Mock Trial team members at Haverford's Black Squirrel Invitational.

Hamilton Mock Trial debuted its two teams and six of seven new members at Haverford College’s “Black Squirrel Invitational” on Nov. 4-6.

From now through March 2018, all college Mock Trial teams will argue the case of State v. Hendricks, a criminal case in which a victim, Kerry Bell-Leon claims to have been strangled, nearly to death, by his/her spouse’s lover. Bell-Leon now claims that his/her spouse and the spouse’s lover were planning this attack so that they could avoid the messy divorce details and end up on the winning side of the prenuptial agreement.

This tournament also marks the second round of Hamilton’s experiment with two six-person teams. Though this set-up puts significantly more work on each individual member, it drastically increases the benefits that students receive from attending each competition. For example, since team members have to be on both sides of the case, they’re better able to hone their advocacy and critical thinking skills.

In each of the rounds, judges praised team members’ preparation and handle of the complex material, especially given how early in the season it is. While some tournaments only have practicing attorneys as judges, the “Black Squirrel Invitational” was particularly valuable insofar as it also drew on Mock Trial alumni, graduate students, and various professionals in unrelated fields. While it’s great to hear feedback on legal arguments from lawyers, it’s difficult to get a sense for the strength of a case without hearing from someone more detached from the law.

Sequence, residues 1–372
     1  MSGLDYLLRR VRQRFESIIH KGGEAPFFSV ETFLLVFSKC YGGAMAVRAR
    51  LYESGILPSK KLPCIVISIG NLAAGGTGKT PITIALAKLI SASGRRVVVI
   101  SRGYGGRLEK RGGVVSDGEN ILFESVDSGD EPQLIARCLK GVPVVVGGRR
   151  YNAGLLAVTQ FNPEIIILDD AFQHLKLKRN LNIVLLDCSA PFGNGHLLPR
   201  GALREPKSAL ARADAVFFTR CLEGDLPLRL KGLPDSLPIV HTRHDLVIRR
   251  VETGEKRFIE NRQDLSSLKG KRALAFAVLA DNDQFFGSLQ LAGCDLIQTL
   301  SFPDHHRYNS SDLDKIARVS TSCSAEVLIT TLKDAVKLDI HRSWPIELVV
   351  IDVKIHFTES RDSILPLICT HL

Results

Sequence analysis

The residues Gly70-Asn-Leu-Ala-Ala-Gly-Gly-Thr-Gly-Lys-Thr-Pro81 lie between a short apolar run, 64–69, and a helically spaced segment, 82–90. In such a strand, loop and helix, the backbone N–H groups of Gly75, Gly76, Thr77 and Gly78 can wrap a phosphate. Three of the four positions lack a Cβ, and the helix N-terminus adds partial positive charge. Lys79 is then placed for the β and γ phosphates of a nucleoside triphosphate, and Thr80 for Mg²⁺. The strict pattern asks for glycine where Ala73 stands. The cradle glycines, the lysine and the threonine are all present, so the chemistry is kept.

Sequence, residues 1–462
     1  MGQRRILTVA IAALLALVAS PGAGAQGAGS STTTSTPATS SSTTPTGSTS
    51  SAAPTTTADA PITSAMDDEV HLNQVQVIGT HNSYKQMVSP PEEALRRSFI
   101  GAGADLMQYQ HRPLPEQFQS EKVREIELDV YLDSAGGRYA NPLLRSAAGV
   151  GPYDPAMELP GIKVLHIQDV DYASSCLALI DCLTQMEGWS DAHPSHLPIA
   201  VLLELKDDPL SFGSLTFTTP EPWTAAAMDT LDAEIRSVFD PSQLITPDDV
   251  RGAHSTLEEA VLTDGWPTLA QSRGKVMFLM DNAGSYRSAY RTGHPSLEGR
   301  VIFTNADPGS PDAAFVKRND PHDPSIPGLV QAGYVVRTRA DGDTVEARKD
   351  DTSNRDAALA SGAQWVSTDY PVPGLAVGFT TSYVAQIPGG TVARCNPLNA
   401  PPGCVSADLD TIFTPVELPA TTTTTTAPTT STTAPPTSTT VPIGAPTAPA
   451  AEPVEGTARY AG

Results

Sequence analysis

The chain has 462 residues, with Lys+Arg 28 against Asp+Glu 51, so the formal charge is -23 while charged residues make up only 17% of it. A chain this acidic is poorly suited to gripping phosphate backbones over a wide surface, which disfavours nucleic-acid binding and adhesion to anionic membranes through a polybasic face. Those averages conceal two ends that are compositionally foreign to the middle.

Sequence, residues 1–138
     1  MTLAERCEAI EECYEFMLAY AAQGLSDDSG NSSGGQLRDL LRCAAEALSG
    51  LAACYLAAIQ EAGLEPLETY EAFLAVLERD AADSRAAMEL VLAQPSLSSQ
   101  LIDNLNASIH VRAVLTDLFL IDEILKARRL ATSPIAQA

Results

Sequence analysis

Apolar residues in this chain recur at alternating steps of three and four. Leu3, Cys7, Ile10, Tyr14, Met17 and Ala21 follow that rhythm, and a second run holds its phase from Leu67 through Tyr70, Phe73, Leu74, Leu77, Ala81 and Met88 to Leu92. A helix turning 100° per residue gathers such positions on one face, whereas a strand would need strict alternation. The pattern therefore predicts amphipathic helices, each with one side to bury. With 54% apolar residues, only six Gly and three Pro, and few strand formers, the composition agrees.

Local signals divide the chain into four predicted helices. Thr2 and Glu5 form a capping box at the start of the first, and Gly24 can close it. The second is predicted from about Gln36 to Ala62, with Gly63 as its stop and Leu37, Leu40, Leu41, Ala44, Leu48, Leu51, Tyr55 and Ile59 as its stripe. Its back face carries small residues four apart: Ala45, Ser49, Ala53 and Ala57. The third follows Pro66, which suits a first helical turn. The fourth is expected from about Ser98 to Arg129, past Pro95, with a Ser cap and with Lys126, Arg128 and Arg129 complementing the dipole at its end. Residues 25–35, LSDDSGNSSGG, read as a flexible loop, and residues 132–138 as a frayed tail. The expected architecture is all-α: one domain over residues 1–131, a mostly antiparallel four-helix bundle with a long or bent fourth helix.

Overall, both Hamilton teams faced some tough competition, and each ended up with a win record of 4-4, with close matchups against schools like Cornell and University of Texas at Dallas, which ultimately placed second and third in the tournament, respectively.

In addition, co-captains Conor O’Shea ’18 and Ryan Bloom ’18 each earned individual awards for being outstanding attorneys. While both O’Shea and Bloom plan to attend law school, and reflect on Mock Trial as a great foundational experience, the program offers much more than just assurance and affirmation to pre-law students. In fact, there’s a significant amount of acting, both memorized and improvised, making Mock Trial the center of several overlapping activities. 

Other competing members at this tournament were: Thomas Duda ’18, Patrick McConnell ’19, Jordan D’Addio ’20, Isabelle Mosbarger ’20, Bryce Murdick ’20, Grecia Santos ’20, Mohammad Umar ’20, Gianni Hill ’21, Emma Liles ’21, and Ryan Stewart ’21.


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